By Prosper Makene
Tobacco growers are urging governments to open a line of formal dialogues in order to promote discussion with governments and international bodies about the challenges the sector is facing due to a decrease in demand for tobacco products in the absence of viable alternative crops.
Continued declines in the demand for tobacco products will lead some African countries to a drastic drop in employment and family income without a concerted effort to find alternatives for tobacco growers who, to this date, have not been guided toward viable solutions.
The plea was made at a meeting today organised by the International Tobacco Growers Association (ITGA) in Dar er Salaam, Tanzania, bringing together the sector, political Representatives, and tobacco farmers from other Africa Tobacco Growing Countries, namely Malawi, South Africa, Zambia and Zimbabwe.
At the opening of the Africa Regional Meeting, Dr Jackson Nkuba, Assistant Director in Tanzania’s Ministry of Agriculture pointed out: “Tobacco has been part of the worldwide agriculture for nearly 6 centuries” he went further saying that “in Tanzania, tobacco has been for years the most important traditional export crop” Dr Nkuba also knowledge the challenges linked to the crop and raise awareness about the importance of educating people and consumers about the risks deriving from tobacco.
Speaking about the WHO FCTC, Dr Nkuba stressed: “We as government can, and need to, encourage farmers to grow something else but we do know how difficult it is to create supply chains and add value crops in any given country, Tanzania included”
Concluding his speech Dr Nkuba reiterated that “tobacco production and use is still legitimate and we want to maintain this status quo for as long as we can…” “…we need the collaboration of all stakeholders in the value chain to ensure that tobacco production is environmentally sustainable”
Speaking at the opening of the Forum, ITGA’s President, Mr Daniel Green said: “I am very pleased to welcome ITGA members to Tanzania for this important regional gathering of tobacco farmer associations. I want to highlight the enormous contribution of tobacco to these countries’ economies considering the difficult time some of them are going through, tobacco has been, for decades, one of the main promoters of employment in these countries, and also, one of the main income generators.
We do not underestimate policies that aim to safeguard public health; the only thing we have been asking for many years now, is to be part of the process that could lead tobacco growers towards a sustainable future without underestimating their precarious conditions.
In Tanzania, tobacco employs 1.45 million people in the supply chain and tobacco leaf and related products represent 5% of Tanzania’s export revenue (Africa tobacco info graphics).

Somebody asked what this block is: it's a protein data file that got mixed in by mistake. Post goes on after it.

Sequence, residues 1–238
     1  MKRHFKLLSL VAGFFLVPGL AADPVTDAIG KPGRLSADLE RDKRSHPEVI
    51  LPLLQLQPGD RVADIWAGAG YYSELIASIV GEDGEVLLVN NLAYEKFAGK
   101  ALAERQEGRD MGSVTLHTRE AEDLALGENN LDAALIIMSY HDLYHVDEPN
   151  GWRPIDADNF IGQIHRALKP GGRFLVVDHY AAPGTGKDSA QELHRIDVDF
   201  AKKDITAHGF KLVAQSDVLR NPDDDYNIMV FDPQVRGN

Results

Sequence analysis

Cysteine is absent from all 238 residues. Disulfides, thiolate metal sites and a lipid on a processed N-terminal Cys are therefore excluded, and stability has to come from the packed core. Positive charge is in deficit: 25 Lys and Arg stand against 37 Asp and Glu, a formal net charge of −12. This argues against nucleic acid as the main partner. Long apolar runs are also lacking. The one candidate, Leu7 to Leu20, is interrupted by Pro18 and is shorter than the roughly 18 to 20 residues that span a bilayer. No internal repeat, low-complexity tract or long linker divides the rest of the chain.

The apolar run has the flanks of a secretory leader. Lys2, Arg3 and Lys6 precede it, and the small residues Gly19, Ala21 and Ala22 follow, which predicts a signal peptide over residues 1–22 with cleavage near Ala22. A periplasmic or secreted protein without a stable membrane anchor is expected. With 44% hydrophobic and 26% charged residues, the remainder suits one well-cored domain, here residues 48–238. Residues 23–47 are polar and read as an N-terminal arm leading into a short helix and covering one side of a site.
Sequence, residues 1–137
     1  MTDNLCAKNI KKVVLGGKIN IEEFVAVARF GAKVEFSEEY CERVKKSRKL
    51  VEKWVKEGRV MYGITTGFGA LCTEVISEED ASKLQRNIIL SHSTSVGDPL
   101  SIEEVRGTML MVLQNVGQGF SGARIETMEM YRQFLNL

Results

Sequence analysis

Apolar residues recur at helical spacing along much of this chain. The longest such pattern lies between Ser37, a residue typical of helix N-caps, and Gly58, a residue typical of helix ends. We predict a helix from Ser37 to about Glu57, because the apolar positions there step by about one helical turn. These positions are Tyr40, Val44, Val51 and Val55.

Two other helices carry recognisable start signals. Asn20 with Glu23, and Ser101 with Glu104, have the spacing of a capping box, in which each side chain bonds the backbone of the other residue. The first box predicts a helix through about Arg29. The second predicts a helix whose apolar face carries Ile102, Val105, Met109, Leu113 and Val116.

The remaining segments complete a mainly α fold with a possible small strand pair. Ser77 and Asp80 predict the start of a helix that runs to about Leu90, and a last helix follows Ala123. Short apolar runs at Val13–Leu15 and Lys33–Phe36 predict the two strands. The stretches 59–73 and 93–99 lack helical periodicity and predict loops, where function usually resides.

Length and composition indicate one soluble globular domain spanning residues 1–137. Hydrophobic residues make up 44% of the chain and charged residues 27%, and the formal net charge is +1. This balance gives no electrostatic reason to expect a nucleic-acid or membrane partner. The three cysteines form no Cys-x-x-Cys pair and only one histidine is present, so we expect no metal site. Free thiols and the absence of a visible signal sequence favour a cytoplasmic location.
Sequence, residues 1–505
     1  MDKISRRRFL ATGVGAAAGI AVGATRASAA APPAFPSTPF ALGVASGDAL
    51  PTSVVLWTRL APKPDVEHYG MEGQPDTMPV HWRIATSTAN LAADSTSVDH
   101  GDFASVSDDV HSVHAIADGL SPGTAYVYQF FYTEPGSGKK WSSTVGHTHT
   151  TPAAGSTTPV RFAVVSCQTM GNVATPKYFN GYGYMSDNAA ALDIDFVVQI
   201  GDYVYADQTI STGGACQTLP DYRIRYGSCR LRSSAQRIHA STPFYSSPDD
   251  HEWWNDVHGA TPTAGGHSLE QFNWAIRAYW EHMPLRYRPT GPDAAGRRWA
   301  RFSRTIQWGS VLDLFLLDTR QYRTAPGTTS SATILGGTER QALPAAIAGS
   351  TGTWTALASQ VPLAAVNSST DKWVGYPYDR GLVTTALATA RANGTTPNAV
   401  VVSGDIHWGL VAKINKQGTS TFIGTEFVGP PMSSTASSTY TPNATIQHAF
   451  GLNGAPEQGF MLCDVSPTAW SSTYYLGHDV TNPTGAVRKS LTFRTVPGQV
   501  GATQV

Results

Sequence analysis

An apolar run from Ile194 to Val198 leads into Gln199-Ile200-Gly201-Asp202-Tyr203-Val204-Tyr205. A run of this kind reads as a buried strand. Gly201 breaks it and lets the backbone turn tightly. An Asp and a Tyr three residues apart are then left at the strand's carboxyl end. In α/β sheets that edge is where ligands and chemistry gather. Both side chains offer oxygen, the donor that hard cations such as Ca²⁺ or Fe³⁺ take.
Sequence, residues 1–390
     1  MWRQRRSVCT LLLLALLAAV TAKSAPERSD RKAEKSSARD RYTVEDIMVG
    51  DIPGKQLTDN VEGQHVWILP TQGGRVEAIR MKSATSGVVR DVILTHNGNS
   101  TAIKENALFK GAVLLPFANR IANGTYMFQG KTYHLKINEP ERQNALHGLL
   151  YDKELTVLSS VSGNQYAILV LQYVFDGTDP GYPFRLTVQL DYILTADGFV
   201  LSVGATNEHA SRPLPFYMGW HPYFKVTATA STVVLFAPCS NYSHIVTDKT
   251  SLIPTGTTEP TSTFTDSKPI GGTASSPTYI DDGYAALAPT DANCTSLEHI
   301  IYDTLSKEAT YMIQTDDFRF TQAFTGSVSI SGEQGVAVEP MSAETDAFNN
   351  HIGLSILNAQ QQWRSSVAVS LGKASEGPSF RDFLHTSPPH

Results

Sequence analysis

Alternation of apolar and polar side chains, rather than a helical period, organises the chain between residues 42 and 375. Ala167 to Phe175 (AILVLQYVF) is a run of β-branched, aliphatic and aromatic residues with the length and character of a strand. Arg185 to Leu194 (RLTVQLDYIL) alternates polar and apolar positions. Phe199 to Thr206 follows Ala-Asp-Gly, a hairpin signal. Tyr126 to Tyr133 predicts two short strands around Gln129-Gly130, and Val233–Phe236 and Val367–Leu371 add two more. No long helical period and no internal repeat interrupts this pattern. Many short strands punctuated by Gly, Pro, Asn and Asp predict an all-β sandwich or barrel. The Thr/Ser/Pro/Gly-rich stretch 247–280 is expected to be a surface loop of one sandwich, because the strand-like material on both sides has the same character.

In countries with high dependency on tobacco, as it is the case of most African tobacco growing countries, a proper plan needs to be put on the table and discussed among all the relevant stakeholders. Without this commitment, very little can be done to achieve benefits that seek to promote a sustainable future for tobacco growers and the regions as a whole.”
Growers also insist on the need of participation of tobacco growers’ representatives into the process being carried by the WHO Framework Convention on Tobacco Control (FCTC).
The FCTC is holding a regional meeting in Dar er Salaam coinciding with the ITGA meeting, to discuss measures related with Articles 17&18, which are directly linked to tobacco growers and tobacco production as it discusses issues concerning alternatives to tobacco growing and the social and environmental impact of tobacco growing.
Once again, ITGA has asked for the participation of its local association in Tanzania, the Flue and Dark Tobacco Unions (FDTU), in this meeting but, neglecting its commitment as stated on its final Declaration of the the last Conference of the Parties (COP7) in Delhi, where the Head of the Secretariat, Mrs Vera Luiza Costa e Silva said that “the intention was to help growers by reaching out to them” this petition was ignored and growers and their representatives were again left out of discussions concerning their future.
António Abrunhosa, ITGA CEO also stated: “We have come to a point where it is clear that the FCTC Secretariat has exercised a veto to tobacco growers by ignoring their pleas. Unlike other UN agencies that engage in discussions with relevant stakeholders to discuss the best approach to overeach their goals, the FCTC underestimates one very important stakeholder in their discussions and the one most affected by their decisions; the tobacco growing communities”